Canada’s Immigration Policy makes it difficult for those fleeing oppressive regimes or civil war to gain refugee status, Stewart Istvanffy said, Montreal refugee lawyer, at a lecture held by the McGill Refugee Research Project (RPR) on Wednesday.
“There is a growing tendency to defend the system rather than the fundamental rights of refugee claimants,” said Istvanffy of those who apply for refugee status in Canada. Claimants who gain refugee status can legally work in Canada or apply for welfare, but are not considered citizens or even permanent residents.
Istvanffy – who has represented refugees in Canada for 20 years – challenged the government’s assertion that, as a sovereign state, it reserves the right to choose who crosses its borders and who gets to stay.
He recounted representing Enrique Falcon-Rios, a man working in Canada for over a decade, who was tortured by the Mexican army in Chiapas at age 17 in December 1998 – with 16 visible cigarette burns on his arm.
Though Falcon-Rios would be in danger of torture upon returning to his country, Canadian immigration refused him a risk assessment. His subsequent plea for citizenship for humanitarian reasons – an expensive and time-consuming process – was also rejected.
“A general rule of international law is – you don’t deport law-abiding people who are raising children in your country.”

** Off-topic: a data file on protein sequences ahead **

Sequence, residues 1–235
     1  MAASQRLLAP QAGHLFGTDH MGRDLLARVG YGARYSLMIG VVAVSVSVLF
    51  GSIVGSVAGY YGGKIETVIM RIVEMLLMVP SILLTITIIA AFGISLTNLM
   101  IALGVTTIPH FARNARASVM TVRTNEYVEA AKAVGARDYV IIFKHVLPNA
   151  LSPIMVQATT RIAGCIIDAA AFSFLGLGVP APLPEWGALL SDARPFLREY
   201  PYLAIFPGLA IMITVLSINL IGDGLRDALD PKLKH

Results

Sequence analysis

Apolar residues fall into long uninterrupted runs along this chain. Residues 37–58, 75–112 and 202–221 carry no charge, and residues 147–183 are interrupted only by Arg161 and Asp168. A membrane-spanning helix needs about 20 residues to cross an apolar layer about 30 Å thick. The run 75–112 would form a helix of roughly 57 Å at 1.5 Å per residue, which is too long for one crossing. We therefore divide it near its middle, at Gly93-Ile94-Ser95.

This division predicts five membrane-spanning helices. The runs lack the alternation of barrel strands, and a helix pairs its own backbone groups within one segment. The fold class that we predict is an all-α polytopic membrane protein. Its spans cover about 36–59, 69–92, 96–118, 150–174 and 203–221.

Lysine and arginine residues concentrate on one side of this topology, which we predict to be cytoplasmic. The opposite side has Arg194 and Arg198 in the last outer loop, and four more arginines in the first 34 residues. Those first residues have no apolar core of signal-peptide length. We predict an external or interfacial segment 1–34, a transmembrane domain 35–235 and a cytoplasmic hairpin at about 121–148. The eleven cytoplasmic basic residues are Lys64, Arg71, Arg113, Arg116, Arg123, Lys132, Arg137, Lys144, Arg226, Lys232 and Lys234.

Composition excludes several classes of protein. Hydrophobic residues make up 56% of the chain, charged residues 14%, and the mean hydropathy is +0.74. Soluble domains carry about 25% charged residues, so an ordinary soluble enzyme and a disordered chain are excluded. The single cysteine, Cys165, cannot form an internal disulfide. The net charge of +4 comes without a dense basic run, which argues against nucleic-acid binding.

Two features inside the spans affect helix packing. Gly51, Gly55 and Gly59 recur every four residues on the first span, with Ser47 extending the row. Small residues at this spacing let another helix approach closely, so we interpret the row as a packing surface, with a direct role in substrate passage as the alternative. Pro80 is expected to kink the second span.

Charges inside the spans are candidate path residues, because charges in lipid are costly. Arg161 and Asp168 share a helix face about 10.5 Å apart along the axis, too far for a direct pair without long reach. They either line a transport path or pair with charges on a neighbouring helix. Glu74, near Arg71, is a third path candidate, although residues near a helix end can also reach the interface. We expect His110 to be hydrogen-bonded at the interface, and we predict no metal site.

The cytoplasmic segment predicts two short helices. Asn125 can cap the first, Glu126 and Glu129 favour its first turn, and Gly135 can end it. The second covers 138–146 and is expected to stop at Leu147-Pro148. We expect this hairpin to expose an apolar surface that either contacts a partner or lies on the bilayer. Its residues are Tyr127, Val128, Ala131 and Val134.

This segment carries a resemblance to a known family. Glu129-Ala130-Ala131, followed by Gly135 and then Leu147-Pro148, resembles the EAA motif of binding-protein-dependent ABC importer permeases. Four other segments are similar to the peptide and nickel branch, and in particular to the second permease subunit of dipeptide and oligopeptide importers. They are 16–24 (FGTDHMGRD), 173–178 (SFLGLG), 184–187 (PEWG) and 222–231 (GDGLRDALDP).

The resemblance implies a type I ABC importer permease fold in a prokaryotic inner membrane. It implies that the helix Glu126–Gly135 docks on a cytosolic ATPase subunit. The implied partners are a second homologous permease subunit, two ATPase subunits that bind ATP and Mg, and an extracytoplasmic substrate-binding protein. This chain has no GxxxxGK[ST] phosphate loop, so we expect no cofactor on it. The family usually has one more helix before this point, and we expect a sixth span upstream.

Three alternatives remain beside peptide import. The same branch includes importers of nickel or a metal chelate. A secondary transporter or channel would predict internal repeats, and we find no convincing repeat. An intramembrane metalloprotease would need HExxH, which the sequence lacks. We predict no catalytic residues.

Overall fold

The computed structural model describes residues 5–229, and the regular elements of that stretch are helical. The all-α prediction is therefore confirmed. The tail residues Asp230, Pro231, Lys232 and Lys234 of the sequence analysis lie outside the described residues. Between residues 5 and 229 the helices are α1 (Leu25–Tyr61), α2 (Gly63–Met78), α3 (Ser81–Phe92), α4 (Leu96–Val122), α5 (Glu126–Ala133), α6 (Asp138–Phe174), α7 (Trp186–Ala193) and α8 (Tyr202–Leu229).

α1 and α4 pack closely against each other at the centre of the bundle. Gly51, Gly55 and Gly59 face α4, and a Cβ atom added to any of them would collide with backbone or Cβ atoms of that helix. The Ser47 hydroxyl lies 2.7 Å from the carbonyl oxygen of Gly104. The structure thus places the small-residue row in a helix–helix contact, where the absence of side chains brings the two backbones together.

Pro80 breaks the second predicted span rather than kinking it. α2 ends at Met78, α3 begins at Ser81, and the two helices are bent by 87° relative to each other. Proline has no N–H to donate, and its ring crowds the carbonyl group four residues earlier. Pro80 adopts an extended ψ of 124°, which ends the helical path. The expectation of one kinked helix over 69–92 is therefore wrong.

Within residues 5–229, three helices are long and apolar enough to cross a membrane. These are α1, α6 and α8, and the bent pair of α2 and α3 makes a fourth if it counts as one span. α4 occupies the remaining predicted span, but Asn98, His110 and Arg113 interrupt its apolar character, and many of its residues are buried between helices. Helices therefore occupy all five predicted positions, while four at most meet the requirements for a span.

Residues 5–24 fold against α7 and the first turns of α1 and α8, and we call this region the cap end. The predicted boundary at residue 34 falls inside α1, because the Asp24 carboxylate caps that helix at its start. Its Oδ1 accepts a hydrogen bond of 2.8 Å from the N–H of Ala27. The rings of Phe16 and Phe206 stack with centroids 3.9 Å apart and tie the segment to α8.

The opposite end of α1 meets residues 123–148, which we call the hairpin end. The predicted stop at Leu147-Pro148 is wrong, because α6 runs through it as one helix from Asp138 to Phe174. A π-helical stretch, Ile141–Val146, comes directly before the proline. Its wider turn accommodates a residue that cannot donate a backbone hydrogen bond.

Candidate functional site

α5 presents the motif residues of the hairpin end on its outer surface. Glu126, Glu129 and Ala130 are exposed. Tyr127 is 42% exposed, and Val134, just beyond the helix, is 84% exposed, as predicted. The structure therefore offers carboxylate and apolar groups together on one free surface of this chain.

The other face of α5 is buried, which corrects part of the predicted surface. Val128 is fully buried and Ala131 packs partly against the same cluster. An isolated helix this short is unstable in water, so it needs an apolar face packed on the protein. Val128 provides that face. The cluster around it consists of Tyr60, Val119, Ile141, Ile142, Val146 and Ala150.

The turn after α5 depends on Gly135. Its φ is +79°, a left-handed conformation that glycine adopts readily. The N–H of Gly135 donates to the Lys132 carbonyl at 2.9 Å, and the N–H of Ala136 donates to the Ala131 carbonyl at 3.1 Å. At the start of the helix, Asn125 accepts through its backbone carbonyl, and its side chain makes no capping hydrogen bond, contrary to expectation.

Under the current refugee system in Canada, claimants are not guaranteed their right to a lawyer, a court of law, or the protection of family rights. Claimants are also not legally protected from arbitrary detention or deportation to a country where they risk torture or execution.
“People are being put in extreme danger,” Istvanffy commented.
Officers of Citizenship and Immigration rule on refugee claims made at the border by new arrivals, but it often takes months for those claims that are deemed eligible to be processed by the Immigration and Refugee Board. Successful applicants are declared “Protected Persons.”
However, refugees cannot always produce evidence necessary to prove to the Canadian government that they are in danger in their home country. The government is supposed to conduct a pre-removal risk assessment for claimants whose case is rejected, but Istvanffy has often seen the government forgo this step prior to deportation.
“Refugees make great efforts to then get proof, but when presented at the pre-removal risk assessment, this evidence is immediately dismissed as evidence which could have been presented at the refugee border,” Istvanffy said, shaking his head in frustration. “The Court often comes out and says [to me] ‘We don’t want to hear these arguments,’ and they don’t.”
Sarah Hausman, U3 psychology and international development studies major, was struck by the story Istvanffy recounted during the talk of a Nigerian man who was separated from his wife and Canadian-born children when the government refused him refugee status.
“Separating families like this undermines notions of what it means to be Canadian – on what grounds does Canada justify such blatant violations of human rights?”